Far from the chain store droppings along Rt. 1 in Norwalk lies the neighborhood of Rowayton. If you want to bring your bike there on Metro North just get off at the Rowayton station (between Darien and South Norwalk).
If you live in Stamford, just pedal seven miles and forgo the train. I had decided to use the recumbent for this trip rather than the Dahon Matrix, so I biked to the station and snapped the above picture.
Because I rode along Old Kings Highway (after it had split off from Rt. 1 in Darien) I got to see tax dollars at work along I-95 in the form of the sound barrier, which is quite effective.
You can also see some nice houses, but as you ride you get the sense that some of the places just aren't loved quite like they used to be.
If you start at the Rowayton railway station, make your way to town by Rowayton Avenue, which, if you turn left at the traffic light, you'll find yourself on Rt. 136 near this church (about a half mile).
I know absolutely nothing about this church, other than if you know where it is and are giving directions on how to get there to someone, you'll conclude your instructions with the phrase "you can't miss it."
Keep pedaling and keep the church on your left, and in barely another 1/10 of a mile you come to Pinkney Park, which is very important to my wife and I because every year we make a point to support Shakespeare on the Sound, which is a free outdoor performance of one of Shakespeare's plays. Much Ado About Nothing starts in June, in case you're interested. Due to the cloud cover, I couldn't get a decent picture of the space where the play is performed.
Just beyond Pinkney Park is the Rowayton Market. If you go to see Shakespeare on the Sound, you pretty much have to go here for some fine sandwiches, baked goods and related picnic provisions.
Though I could have locked the bike to one of the benches, I continued another half-mile down the road to Brendan's. I wanted (and got) an ice cream, but Brendan's sells much more than just ice cream and is another great "you can't miss it" location in Rowayton.
If the picnic benches (which are just behind the white picket fence and the bike) are full, as they tend to be in the on-season, you can take your cup of ice cream and walk over to the beach.
It was a great place to be that day. Since it was March, the whole area seemed filled with boats that were Saran-Wrapped for the season but the plastic was beginning to tear and rip away - as if the boats themselves are trying to shed their winter coats.Some dinghys were out on the water already, though:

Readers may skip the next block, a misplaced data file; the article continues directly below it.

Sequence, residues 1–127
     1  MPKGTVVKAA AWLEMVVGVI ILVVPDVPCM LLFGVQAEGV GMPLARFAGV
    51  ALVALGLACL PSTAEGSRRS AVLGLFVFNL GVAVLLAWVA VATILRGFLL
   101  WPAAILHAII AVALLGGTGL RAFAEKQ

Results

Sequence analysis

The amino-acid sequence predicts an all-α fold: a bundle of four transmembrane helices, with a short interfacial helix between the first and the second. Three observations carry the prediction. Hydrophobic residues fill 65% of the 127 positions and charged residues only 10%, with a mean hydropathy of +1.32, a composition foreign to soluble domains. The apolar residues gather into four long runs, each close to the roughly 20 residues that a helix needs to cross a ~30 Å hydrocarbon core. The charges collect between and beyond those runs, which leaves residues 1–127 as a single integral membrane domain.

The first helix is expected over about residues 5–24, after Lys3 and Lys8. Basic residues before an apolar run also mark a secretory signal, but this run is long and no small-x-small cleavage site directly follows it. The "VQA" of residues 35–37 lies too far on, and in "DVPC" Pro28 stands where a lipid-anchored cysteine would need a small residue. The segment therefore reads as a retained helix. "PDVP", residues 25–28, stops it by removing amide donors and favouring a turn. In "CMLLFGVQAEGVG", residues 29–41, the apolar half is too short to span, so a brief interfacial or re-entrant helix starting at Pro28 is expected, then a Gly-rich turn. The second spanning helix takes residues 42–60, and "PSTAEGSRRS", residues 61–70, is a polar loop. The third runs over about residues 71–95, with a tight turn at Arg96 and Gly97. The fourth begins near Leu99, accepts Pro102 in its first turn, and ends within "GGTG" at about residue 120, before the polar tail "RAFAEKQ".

Unable to finish my ice cream (which wasn't melting as fast as it would had I come in the summer) I decided to finish it later and continue riding. Had I planned ahead, I would have used a miniature bungee cord to hold the ice cream in place so I could continue eating it while continuing down Rowayton Avenue.
Off the end of Rowayton Avenue, the roads get narrow and there are speedbumps, but if you ride respectfully as you meander around the neighborhood, residents will smile and wave as you pass (at least if you're riding a museum piece).
I pedalled up to the Wee Burn Country Club, past the Bayley Beach Park, and came to a deserted beach that had a nice view of Long Island Sound.
I ate the rest of my ice cream while at the beach, where I could see a lighthouse whose name I did not know.
I stowed the now empty ice cream container in my panniers and kept riding. Soon, I came to a pair of Adirondack chairs at the corner of Ensign and Crescent.
Wanting to ride home with as few cell phone-weilding motorists as possible, I headed home around four in the afternoon. I suppose that is one big advantage of taking a Dahon Matrix on trips like this: I could have rode less than a mile to the Rowayton station and caught the next train to Stamford (where it's just 1.76 miles from there to my house), but instead I rode along Rt. 1 and took a left on Weed Avenue, which runs along Holly Pond.
It was a fun trip, and whether you ride the whole way there or use the train, enjoy Rowayton.